Patrick Cockburn is the author of  The Rise of Islamic State: ISIS and the New Sunni Revolution.

More articles by:

CounterPunch Magazine

minimag-edit

bernie-the-sandernistas-cover-344x550

zen economics

Weekend Edition
May 26, 2017
Friday - Sunday
Anthony DiMaggio
Swamp Politics, Trump Style: “Russiagate” Diverts From the Real White House Scandals
Paul Street
It’s Not Gonna Be Okay: the Nauseating Nothingness of Neoliberal Capitalist and Professional Class Politics
Jeffrey St. Clair
The ICEmen Cometh
Ron Jacobs
The Deep State is the State
Pete Dolack
Why Pence Might be Even Worse Than Trump
Patrick Cockburn
We Know What Inspired the Manchester Attack, We Just Won’t Admit It
Thomas Powell
The Dirty Secret of the Korean War
Mark Ashwill
The Fat Lady Finally Sings: Bob Kerrey Quietly Resigns from Fulbright University Vietnam Leadership Position
John Davis
Beyond Hope
Uri Avnery
The Visitation: Trump in Israel
Ralph Nader
The Left/Right Challenge to the Failed “War on Drugs”
Traci Yoder
Free Speech on Campus: a Critical Analysis
Dave Lindorff
Beware the Supporter Scorned: Upstate New York Trump Voters Hit Hard in President’s Proposed 2018 Budget
Daniel Read
“Sickening Cowardice”: Now More Than Ever, Britain’s Theresa May Must be Held to Account on the Plight of Yemen’s Children
Ana Portnoy
Before the Gates: Puerto Rico’s First Bankruptcy Trial
M. Reza Behnam
Rethinking Iran’s Terrorism Designation
Brian Cloughley
Ukraine and the NATO Military Alliance
Josh Hoxie
Pain as a Policy Choice
David Macaray
Stephen Hawking Needs to Keep His Mouth Shut
Ramzy Baroud
Fear as an Obstacle to Peace: Why Are Israelis So Afraid?
Kathleen Wallace
The Bilious Incongruity of Trump’s Toilet
Seth Sandronsky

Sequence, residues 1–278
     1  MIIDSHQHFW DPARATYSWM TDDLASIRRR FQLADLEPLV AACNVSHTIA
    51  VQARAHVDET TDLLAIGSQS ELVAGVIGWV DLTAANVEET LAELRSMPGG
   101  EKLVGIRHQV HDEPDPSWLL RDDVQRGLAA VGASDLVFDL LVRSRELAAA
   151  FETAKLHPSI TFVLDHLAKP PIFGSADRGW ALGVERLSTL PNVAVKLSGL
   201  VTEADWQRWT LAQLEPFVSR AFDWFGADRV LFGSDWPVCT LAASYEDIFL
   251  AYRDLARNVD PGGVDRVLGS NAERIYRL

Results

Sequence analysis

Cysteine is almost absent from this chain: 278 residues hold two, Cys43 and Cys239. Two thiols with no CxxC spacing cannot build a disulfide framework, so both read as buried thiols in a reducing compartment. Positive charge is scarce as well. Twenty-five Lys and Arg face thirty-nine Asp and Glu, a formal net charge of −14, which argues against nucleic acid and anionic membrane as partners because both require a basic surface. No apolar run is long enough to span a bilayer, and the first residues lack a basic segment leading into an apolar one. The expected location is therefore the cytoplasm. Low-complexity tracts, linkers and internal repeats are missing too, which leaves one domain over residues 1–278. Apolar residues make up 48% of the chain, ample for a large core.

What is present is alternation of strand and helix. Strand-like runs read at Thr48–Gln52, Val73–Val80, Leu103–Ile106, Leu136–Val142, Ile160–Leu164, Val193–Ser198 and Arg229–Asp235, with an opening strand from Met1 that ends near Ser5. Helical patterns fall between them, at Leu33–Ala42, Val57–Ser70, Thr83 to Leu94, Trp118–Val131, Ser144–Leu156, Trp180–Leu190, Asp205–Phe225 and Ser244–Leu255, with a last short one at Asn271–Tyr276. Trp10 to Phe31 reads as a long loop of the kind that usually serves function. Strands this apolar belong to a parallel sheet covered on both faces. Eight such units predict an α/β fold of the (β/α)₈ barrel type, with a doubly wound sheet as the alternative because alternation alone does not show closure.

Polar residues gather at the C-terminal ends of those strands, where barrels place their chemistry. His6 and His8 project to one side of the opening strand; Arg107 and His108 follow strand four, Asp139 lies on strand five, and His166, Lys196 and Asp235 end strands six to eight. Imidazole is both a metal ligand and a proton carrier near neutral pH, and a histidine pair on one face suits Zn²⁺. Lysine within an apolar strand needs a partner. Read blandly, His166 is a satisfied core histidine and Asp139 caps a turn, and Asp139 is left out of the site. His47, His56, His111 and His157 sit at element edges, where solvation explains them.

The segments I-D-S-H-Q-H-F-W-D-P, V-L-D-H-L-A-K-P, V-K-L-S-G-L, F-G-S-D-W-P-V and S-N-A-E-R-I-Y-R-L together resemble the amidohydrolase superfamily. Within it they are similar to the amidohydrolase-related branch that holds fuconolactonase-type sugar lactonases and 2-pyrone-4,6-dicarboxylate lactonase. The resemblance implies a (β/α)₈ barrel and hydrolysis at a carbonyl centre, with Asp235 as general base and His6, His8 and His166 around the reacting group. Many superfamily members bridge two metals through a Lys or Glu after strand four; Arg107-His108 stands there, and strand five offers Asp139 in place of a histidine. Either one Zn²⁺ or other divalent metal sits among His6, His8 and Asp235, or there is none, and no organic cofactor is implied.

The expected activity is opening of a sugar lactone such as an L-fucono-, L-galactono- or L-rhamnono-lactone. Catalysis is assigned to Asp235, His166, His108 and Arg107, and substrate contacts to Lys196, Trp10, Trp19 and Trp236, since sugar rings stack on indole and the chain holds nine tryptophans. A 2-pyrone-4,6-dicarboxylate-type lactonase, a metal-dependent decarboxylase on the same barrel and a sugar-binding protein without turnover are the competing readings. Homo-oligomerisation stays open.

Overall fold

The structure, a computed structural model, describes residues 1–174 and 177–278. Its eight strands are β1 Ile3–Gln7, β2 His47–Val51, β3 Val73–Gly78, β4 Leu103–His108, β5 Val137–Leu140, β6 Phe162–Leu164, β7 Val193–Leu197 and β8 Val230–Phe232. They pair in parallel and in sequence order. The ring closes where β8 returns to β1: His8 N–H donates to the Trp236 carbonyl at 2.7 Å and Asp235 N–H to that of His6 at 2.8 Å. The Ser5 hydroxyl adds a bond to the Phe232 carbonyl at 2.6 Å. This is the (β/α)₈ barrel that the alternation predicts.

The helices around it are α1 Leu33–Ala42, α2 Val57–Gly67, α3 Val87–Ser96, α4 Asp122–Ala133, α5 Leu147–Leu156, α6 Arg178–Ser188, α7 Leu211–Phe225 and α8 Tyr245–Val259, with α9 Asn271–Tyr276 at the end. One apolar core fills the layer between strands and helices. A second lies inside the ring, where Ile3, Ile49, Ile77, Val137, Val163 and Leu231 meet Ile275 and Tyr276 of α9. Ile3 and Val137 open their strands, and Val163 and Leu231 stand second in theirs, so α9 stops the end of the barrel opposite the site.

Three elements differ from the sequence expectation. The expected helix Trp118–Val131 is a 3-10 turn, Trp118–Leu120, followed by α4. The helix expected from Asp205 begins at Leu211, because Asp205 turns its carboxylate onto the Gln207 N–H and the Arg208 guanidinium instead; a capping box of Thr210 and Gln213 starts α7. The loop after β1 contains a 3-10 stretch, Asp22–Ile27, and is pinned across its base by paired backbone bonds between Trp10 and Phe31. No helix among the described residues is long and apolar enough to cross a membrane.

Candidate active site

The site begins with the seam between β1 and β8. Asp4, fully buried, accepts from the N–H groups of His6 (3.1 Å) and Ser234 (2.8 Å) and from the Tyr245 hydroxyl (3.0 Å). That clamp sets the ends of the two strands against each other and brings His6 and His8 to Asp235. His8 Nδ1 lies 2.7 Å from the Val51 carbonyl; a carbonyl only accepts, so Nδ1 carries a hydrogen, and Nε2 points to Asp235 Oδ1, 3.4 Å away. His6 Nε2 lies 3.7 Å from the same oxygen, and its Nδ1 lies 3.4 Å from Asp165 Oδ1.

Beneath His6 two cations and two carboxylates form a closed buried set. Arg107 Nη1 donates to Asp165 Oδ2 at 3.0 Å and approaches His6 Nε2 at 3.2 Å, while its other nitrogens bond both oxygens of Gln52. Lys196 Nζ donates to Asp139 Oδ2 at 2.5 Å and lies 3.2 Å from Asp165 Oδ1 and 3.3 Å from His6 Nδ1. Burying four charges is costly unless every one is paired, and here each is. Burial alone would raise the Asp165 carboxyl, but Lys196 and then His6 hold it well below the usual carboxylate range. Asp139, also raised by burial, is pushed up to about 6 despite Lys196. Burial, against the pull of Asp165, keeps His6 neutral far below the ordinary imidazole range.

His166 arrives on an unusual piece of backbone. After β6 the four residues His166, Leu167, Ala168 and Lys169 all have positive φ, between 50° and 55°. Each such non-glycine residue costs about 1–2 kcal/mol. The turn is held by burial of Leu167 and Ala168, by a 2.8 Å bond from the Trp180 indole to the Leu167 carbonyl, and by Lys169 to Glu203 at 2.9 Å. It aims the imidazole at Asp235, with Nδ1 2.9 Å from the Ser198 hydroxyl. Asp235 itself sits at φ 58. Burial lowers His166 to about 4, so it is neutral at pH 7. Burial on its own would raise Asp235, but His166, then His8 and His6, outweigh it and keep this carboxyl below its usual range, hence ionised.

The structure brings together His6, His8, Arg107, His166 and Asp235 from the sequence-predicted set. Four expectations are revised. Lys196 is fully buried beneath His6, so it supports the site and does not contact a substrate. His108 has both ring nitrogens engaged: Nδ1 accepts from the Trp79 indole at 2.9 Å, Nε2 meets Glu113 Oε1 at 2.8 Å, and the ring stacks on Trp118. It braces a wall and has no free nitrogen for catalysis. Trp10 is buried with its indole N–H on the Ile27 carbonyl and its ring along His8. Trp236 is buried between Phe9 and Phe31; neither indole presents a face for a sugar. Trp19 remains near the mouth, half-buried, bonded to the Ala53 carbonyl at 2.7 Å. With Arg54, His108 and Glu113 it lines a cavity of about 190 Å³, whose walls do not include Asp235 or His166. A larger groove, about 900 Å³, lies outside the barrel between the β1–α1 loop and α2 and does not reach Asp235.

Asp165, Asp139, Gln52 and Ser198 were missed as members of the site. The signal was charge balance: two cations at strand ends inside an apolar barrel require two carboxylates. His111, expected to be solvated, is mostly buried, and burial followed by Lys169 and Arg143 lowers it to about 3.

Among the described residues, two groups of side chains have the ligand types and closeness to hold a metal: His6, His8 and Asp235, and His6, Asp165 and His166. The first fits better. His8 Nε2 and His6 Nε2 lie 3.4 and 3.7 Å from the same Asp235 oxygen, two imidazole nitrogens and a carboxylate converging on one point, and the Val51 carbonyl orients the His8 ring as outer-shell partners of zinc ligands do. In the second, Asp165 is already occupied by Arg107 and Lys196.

Temping Now
Alan Barber – Dean Baker
Blue Collar Blues: Manufacturing Falls in Indiana, Ohio and Pennsylvania in April
Jill Richardson
Saving America’s Great Places
Richard Lawless
Are Credit Rating Agencies America’s Secret Fifth Column?
Louis Proyect
Venezuela Reconsidered
Murray Dobbin
The NDP’s Singh and Ashton: Flash Versus Vision
Ron Leighton
Endarkenment: Postmodernism, Identity Politics, and the Attack on Free Speech
Anthony Papa
Drug War Victim: Oklahoma’s Larry Yarbrough to be Freed after 23 Years in Prison
Rev. John Dear
A Call to Mobilize the Nation Over the Next 18 Months
Yves Engler
Why Anti-Zionism and Anti-Jewish Prejudice Have to Do With Each Other
Ish Mishra
Political Underworld and Adventure Journalism
Binoy Kampmark
Roger Moore in Bondage
Rob Seimetz
Measuring Manhoods
Edward Curtin
Sorry, You’re Not Invited
Vern Loomis
Winning the Lottery is a State of Mind
Charles R. Larson
Review: Mary V. Dearborn’s “Ernest Hemingway”
David Yearsley
The Ethos of Mayfest
May 25, 2017
Jennifer Matsui
The Rise of the Alt-Center
Michael Hudson
Another Housing Bubble?
Robert Fisk
Trump Meets the New Leader of the Secular World, Pope Francis
John Laforge
Draft Treaty Banning Nuclear Weapons Unveiled
Benjamin Dangl
Trump’s Budget Expands War on the Backs of America’s Poor
Alice Donovan
US-Led Air Strikes Killed Record Number of Civilians in Syria
Andrew Moss
The Meaning of Trump’s Wall
FacebookTwitterGoogle+RedditEmail